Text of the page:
Pilgrimage to Hindu Neasden

27th September 1996 at 01:00
John Kelleher takes the London Underground to visit the Mandir. From Neasden Underground station it's easy to recognise the twin-domed towers rising in the distance above the tangle of streets beside the North Circular Road as a place of worship. The towers crown Wembley Stadium and enshrine a turf sacred to a very contemporary faith. Nearby is a tower block that helps pilgrims pinpoint another modern mecca, the gargantuan furnishing store, IKEA.

But in recent years a much older faith has brought crowds surging through these north London streets. They come from across London and further afield to the Swaminarayan Hindu Mandir. Their devotion has created the nearest thing to a medieval cathedral built in Britain for centuries.

The first sight of the Mandir takes your breath away. Behind modest redbrick walls rises an astonishing cluster of white marble spires and domes topped with gold pinnacles and pennants that whip in the breeze. Its walls of Bulgarian limestone are perfectly proportioned and, inside, columns and ceilings swirl with an intricate cosmos of gods and deities hatched from shimmering white marble.

But it is the spirit behind its construction that verges on the miraculous - a place in modern Britain where the tide of faith is in full flood. The temple rose in just over three years, built largely by volunteers. It cost millions and they raised the entire sum themselves. They have just celebrated its first birthday.

A visit to the Mandir and to its new exhibition centre on Hinduism will prompt serious thought about wider and deeper questions of faith and identity. Britain now has nearly half a million Hindus.

The Swaminarayan movement is one of the largest groups, drawn primarily from immigrants from East Africa. Its first temple soon proved inadequate, so four years ago the movement's spiritual leader, Pramukh Swami Maharaj, called for the creation of the Mandir. It was to be the finest Hindu temple built in modern times. The architecture would observe ancient Vedic principles, each part expressing spiritual meaning.

The entire community put their shoulders to the task and tens of thousands attended the opening of the temple and, since then, many more have visited including more than 100 school parties. But tourists are still outnumbered by devotees.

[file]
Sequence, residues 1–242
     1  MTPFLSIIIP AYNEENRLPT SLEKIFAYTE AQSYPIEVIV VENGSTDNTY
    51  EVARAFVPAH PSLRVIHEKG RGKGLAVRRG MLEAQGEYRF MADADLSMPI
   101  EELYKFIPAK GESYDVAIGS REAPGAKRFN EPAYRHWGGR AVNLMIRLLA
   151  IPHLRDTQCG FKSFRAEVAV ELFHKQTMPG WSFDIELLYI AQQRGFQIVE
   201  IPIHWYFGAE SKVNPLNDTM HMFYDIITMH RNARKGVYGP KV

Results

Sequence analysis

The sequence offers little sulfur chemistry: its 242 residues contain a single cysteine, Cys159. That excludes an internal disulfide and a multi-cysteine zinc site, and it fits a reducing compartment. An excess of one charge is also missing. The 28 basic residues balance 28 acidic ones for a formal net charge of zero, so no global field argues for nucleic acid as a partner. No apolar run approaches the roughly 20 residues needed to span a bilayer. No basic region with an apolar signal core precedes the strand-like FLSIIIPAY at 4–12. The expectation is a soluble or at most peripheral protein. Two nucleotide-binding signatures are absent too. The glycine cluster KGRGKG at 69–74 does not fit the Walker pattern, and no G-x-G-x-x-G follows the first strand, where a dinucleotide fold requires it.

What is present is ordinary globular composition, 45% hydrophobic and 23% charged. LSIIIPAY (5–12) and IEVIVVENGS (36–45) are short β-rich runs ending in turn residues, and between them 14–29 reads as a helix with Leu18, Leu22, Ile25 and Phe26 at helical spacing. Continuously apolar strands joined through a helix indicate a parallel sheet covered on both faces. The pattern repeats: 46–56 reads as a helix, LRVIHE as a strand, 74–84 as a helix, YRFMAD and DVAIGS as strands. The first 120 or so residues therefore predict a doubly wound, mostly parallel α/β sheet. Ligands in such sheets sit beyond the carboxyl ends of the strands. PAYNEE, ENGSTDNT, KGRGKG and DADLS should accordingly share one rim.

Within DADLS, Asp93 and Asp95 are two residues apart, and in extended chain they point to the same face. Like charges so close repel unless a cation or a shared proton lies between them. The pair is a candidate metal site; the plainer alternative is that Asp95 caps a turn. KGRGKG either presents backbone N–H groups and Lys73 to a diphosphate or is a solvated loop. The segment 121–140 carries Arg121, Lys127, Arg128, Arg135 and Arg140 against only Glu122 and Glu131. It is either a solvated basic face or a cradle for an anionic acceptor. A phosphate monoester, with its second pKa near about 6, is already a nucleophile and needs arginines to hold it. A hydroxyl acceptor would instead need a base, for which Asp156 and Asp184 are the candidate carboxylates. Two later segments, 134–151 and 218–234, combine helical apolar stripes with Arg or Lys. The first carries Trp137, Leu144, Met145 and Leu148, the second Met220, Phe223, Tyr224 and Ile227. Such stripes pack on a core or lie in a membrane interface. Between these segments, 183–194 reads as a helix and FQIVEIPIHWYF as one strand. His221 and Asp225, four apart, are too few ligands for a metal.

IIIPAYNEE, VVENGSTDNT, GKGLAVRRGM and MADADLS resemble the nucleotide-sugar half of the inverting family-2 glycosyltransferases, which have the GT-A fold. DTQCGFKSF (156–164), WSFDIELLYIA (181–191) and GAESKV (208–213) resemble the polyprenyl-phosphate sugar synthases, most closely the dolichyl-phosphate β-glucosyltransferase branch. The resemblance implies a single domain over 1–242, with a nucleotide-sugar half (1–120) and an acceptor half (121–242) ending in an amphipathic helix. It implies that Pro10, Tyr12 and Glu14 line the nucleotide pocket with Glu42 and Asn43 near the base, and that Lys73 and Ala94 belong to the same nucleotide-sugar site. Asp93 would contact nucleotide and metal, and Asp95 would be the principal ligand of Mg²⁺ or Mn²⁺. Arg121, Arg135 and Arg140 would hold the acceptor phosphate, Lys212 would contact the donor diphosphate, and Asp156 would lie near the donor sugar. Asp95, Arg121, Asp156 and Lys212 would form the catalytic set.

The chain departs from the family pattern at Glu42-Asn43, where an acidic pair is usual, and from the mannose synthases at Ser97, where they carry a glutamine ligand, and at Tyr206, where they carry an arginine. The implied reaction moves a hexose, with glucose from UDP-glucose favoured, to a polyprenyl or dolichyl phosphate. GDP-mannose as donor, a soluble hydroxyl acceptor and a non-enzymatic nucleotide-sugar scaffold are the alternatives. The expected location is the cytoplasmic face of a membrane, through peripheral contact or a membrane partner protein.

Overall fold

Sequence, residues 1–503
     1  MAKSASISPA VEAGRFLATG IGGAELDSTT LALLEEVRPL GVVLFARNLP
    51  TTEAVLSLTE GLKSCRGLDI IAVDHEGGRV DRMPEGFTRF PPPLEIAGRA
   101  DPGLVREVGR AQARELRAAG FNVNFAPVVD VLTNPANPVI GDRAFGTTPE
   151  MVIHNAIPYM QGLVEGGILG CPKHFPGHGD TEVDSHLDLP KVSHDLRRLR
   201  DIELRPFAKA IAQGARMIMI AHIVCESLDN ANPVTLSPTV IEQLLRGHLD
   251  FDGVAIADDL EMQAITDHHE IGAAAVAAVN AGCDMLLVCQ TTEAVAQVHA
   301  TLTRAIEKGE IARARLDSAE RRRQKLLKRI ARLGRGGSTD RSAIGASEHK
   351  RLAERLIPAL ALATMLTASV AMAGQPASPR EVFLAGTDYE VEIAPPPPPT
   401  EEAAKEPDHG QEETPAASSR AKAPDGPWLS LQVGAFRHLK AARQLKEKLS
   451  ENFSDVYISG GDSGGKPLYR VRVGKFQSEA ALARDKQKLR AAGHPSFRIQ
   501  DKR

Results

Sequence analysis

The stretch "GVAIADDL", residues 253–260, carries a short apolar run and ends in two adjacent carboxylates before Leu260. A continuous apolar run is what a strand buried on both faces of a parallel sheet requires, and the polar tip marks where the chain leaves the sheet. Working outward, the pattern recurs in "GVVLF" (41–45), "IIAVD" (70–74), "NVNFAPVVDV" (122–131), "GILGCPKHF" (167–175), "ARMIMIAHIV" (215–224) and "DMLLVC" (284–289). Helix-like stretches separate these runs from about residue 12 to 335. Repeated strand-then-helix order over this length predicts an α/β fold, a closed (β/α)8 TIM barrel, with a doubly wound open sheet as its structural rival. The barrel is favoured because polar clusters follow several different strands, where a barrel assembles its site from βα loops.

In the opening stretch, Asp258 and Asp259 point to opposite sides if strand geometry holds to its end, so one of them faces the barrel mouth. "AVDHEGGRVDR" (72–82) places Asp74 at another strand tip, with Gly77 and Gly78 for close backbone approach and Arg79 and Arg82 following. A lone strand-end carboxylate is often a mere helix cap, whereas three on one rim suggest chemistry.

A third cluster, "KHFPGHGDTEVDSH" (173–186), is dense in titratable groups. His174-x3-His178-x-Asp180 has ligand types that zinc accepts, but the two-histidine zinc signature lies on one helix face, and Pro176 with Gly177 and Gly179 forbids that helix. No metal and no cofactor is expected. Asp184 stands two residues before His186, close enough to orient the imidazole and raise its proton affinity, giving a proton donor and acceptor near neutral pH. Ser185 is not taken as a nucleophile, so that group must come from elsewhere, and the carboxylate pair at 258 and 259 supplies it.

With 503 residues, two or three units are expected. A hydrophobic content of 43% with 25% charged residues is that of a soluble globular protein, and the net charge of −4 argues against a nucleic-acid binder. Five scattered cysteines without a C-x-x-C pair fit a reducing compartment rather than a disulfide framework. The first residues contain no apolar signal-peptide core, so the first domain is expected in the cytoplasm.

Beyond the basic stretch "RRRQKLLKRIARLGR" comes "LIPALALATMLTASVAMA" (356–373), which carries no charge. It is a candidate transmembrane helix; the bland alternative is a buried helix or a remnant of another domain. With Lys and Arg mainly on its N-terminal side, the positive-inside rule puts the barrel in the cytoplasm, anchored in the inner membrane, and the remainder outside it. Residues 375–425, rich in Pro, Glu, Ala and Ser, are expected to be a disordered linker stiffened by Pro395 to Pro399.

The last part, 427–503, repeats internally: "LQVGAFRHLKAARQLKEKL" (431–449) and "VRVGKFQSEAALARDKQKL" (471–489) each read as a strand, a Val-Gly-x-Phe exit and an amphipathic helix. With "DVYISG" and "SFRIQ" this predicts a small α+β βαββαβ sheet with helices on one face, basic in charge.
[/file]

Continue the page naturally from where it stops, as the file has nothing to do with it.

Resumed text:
A visit to the Mandir should be preceded by a tour of the adjoining exhibition which explains Hinduism, the history of the Swaminarayan movement and of the making of this temple. Getting to grips with Hinduism is hardest. Most Britons grow up in the shadow of God. Christians, Jews, Moslems and even non-believers find common ground in the idea of monotheism.

Hinduism also acknowledges one ultimate supreme creator of the universe and is defined by a rigorous need to live a disciplined moral life to achieve salvation. But step inside the temple and you are immediately aware that here is a very different concept of the cosmos. The Mandir offers a cavalcade of startlingly beautiful images of the gods, deities and gurus of an ancient religion that has been more than 3,000 years in the making.

All this is no mere decoration. When the temple's holymen prefaced its opening by parading their idols through London's West End the real purpose was to show the idols the streets of their new home town. Later, in the temple dedication, the Guru performed ancient rituals which, devotees believe, breathed life into these Murtis (idols). They believe they are now imbued with the living God.

The exhibition, however, throws only a degree of light on the mysteries at the heart of this faith. There is a lot to grapple with here. Schools planning to visit would do well to prepare with a few sessions on Hinduism first, though visiting groups will be allocated a guide and should not be shy about quizzing him on any concepts or ideas that baffle.

One of the things that worries many Hindu parents is assimilation and the inevitable challenge it presents to their culture, religion and community. One father said: "Many children say they don't ever want to go to India. They see TV reports about Indian poverty and social problems. My two boys didn't want to go, but I persuaded them and now they say they don't want to take holidays anywhere else."

Shri Swaminarayan Mandir 105115 Brentfield Road, Neasden, London NW10 8JP. Tel: 0181 965 2651 Fax: 0181 961 2444. Open daily from 9am until 6.30pm. Admission to Mandir and Haveli free. Admission to Hinduism exhibition: adults Pounds 2, children Pounds 1.50. Special rates for groups and school bookings at least three days in advance

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